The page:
"They both are on the list and they both have been observed as extremely predatory," Hargrave said of the two sea lions captured this week.

The euthanized sea lion, branded with a C265, has gained some notoriety over the years. The male California was trapped and weighed near Astoria, Ore., near the river mouth on March 6, 2007, tipping the scales at 560 pounds. After 2 months spent mostly below the dam, C265 appeared again at Astoria, where he was trapped and weighed again. The result -- 1,043 pounds, a gain of 483 pounds.

C265 has been spotted at the dam during all eight years of the ongoing Corps study. Through 2007 observers had documented C265's take of 102 salmon, the second most among the 151 California sea lions on an initial list of animals qualifying for removal. During his first six annual trips upriver he was spotted at the dam on 147 different days.

Last year spring observers saw C265 at the dam on 50 days and he was seen to take at least 82 salmonids (plus one unknown and one lamprey).

The big pinniped is unusual in that he left Bonneville in the late spring, as all of the sea lions do, but returned at the end of the summer. The visiting animals are all males that forage northward before returning southward for the summertime breeding season on the Channel Islands off the Southern California coast.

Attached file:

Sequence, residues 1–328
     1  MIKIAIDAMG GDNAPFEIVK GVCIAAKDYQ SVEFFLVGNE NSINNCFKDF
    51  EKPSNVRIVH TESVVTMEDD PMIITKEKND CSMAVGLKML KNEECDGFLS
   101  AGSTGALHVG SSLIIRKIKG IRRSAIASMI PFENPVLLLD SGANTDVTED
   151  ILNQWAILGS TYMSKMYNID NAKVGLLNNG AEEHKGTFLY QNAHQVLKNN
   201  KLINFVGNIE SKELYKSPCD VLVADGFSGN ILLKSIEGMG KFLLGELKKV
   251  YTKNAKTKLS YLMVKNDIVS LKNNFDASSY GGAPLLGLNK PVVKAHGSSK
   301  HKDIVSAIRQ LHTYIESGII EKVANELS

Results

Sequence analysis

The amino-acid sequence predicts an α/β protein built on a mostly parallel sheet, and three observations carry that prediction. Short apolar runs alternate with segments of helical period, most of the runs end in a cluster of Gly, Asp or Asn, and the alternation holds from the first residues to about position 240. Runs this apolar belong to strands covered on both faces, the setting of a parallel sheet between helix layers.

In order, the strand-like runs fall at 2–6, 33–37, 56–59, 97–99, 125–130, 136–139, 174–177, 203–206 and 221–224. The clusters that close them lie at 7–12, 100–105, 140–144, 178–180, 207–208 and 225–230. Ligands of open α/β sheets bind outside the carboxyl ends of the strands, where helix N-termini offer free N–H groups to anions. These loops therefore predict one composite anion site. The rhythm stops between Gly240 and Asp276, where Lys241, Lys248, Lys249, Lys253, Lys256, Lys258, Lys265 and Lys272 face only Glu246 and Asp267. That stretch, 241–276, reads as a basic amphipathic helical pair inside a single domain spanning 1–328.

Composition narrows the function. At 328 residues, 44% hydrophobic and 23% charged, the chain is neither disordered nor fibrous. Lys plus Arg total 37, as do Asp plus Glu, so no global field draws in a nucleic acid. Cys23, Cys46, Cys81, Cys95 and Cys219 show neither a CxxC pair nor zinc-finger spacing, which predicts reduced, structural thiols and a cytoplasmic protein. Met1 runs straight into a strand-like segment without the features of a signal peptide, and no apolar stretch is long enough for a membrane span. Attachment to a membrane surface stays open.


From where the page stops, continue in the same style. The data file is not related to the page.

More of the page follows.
Many return to Astoria at the mouth of the river at summer's end but few travel back up to the dam before late winter.

C265 was seen last year at Bonneville on Sept. 19, and was present on at least 41 of 46 days observed between then and Dec. 31. During that time, he was seen to take at least 19 salmonids plus six coho plus two steelhead plus five fish of unknown species. Since Jan. 1, he was seen on 16 days and seen to taking four steelhead, two shad, and on fish of unknown species, according to researchers. His is the first documented take of fall chinook salmon at the dam.

The other captured animal, C635, has been observed at the dam in the springtime for five straight years. He was observed taking 67 salmon during his first three visits. He was spotted at the dam on 83 different days from 2005-2007.

C635 was present at the dam for 35 days last year and seen taking 37 salmonids and five unknown fish. This year, he has been at the dam for 35 days and was seen to take six.

Stansell notes that the predation totals represent only observed take. And many times observers cannot attribute a specific catch to a specific individual if they do not show the brands or move so far downstream with the catch that they cannot be identified. So take totals are minimums only.